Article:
More women work in health care, but earn 24 percent less than men: UN report


The gender pay gap in the health and care sector: a global analysis in the time of COVID-19was published by the International Labor Organization (ILO) and the World Health Organization (WHO).

It documents a crude gender pay gap of about 20 percentage points that jumps to 24 percentage points when factors such as age, education and working time are taken into account.

Discrimination a factor

While much of this gap is unexplained, the agencies said it may be due to: discrimination against womenwhich account for nearly 70 percent of the global health and care workforce.

The report also found that wages in health and care are generally lower than in other sectors, which is in line with the finding that wages are often lower in areas where women predominate.

Moreover, even with the pandemic and the critical role health and care workers played during the crisis, there were only marginal improvements in wage equality between 2019 and 2020.

“The health and care sector in general has been faced with low wages, persistently large gender pay gaps and very demanding working conditions. The COVID-19 pandemic has highlighted this situation while demonstrating the importance of the sector and its workers in keeping families, societies and economies running,” said Manuela Tomei, Director of the Working Conditions and Equality Department at the ILO .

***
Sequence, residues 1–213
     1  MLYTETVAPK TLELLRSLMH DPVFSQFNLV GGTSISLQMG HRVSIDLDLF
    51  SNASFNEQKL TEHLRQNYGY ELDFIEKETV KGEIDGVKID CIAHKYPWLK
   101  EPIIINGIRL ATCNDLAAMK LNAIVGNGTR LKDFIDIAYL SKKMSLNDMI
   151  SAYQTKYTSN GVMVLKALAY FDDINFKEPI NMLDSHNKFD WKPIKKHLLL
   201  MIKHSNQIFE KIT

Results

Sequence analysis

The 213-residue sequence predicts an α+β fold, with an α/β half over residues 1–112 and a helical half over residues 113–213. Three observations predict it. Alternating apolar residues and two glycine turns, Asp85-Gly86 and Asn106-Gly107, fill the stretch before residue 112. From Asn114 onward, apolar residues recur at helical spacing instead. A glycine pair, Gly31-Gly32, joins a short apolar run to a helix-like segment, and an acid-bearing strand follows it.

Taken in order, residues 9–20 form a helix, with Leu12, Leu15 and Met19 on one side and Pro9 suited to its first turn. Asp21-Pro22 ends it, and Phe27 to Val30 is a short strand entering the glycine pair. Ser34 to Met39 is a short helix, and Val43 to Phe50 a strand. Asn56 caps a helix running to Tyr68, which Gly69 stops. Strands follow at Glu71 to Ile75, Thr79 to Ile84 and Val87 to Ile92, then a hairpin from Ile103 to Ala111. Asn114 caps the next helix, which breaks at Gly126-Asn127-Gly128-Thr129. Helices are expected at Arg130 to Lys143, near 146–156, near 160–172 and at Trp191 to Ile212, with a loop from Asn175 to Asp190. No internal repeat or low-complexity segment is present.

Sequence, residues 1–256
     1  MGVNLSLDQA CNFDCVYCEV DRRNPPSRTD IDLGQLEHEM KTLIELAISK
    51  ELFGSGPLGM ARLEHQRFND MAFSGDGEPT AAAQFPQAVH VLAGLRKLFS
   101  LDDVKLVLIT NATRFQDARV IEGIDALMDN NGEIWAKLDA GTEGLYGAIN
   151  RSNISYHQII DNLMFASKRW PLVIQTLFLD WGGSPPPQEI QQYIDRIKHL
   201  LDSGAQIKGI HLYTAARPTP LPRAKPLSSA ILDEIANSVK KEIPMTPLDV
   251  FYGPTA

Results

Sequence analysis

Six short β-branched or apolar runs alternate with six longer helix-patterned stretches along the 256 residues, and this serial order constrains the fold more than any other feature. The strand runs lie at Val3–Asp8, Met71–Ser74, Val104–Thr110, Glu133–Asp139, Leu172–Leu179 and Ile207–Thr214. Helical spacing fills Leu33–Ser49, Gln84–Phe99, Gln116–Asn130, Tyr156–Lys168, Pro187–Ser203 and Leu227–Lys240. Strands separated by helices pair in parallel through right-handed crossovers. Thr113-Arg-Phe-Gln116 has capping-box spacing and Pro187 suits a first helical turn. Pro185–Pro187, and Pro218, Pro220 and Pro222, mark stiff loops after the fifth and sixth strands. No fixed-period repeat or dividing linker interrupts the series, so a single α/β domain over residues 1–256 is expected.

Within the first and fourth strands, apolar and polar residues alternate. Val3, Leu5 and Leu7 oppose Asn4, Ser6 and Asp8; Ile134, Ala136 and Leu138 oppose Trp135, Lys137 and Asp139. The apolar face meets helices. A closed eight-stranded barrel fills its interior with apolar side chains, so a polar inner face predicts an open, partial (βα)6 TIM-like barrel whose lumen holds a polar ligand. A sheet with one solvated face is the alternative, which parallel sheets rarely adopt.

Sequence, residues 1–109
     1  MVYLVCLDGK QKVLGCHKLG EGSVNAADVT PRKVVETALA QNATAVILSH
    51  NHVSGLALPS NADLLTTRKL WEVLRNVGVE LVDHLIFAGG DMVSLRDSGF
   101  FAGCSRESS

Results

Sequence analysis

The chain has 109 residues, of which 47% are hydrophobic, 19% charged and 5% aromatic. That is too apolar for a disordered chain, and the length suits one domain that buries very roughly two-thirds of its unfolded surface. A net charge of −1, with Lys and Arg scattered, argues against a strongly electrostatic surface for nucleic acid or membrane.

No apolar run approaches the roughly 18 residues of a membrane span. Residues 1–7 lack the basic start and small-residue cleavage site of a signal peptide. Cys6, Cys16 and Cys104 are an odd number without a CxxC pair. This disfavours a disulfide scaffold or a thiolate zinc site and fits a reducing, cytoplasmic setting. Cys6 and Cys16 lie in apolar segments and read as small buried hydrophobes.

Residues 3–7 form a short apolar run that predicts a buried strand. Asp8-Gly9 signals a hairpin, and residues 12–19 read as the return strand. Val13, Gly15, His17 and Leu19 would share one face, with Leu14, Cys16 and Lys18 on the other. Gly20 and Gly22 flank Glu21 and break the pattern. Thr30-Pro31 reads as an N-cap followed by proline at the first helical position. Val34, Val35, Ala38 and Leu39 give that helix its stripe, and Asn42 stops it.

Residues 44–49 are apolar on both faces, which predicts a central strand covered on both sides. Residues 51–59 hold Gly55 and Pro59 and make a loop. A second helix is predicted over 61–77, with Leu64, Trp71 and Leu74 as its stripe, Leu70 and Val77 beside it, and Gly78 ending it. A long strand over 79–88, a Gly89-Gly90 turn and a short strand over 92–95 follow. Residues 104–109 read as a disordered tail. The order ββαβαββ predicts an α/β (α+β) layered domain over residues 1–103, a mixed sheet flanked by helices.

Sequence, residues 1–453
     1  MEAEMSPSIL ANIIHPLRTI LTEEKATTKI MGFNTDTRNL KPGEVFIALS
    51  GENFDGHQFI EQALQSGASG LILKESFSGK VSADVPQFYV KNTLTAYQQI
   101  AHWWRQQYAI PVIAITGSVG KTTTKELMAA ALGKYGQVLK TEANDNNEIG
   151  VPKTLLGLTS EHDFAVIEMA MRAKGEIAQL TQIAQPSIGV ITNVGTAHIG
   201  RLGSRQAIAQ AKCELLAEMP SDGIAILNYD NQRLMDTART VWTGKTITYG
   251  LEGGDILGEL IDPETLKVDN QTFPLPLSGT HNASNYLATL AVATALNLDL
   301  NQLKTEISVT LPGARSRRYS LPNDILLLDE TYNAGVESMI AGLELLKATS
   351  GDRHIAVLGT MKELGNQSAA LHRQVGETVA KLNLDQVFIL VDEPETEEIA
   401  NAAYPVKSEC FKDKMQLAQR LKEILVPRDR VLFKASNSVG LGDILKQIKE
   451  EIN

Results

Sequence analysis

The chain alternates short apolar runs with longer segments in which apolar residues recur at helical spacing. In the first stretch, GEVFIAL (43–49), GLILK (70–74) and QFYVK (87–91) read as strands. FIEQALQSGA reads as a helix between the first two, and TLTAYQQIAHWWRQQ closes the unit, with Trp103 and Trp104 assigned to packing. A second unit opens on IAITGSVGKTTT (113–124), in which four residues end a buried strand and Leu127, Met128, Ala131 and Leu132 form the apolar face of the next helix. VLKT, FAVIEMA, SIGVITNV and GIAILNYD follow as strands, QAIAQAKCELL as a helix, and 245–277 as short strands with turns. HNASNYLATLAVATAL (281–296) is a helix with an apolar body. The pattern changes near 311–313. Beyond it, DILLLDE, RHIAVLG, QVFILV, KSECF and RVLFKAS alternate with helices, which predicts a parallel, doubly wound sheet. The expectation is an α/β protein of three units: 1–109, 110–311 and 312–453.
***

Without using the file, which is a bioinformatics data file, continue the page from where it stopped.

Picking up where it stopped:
Working mothers punished

The report also found wide variation in gender pay gaps across countries, indicating that these differences are not inevitable and more can be done to close the gap.

Within countries, The gender pay gap tends to be wider in higher pay categories, where men are overrepresentedwhile women are overrepresented in the lower wage categories.

Mothers who work in the health and care sector also appear to receive additional penalties, with gender pay gap widens significantly during a woman’s reproductive years and persevering for the rest of her working life.

According to the report, a fairer division of family responsibilities between men and women could lead to women making different job choices.

The analysis also examines factors driving the gender pay gap in the health and care sector.

© UNICEF/Ismail Taxta

A health worker prepares a COVID-19 vaccine at a hospital in Mogadishu, Somalia.

Dialogue and action

Differences in age, education and working time, as well as the difference in participation of men and women in the public or private sector, only address part of the problem.

The reasons why women are paid less than men with similar labor market profiles remain largely unexplained by labor market factors, the report said.

Ms Tomei expressed the hope that the report will lead to dialogue and policy action, as there will be no inclusive, resilient and sustainable recovery from the pandemic without a stronger health and care sector.

We cannot have better health and care services without better and fairer working conditions, including fairer wages, for health and care workers, the majority of whom are women,” she said.

Jim Campbell, director of the WHO’s Health Workforce, added that the report includes success stories in several countries, including pay increases and political commitment to pay fairness, which point the way forward.

“Women make up the majority of workers in the health and care sector, but in far too many countries systemic biases result in pernicious wage penalties against them,” he said.

“The evidence and analysis in this groundbreaking report should inform governments, employers and workers to take effective action.”

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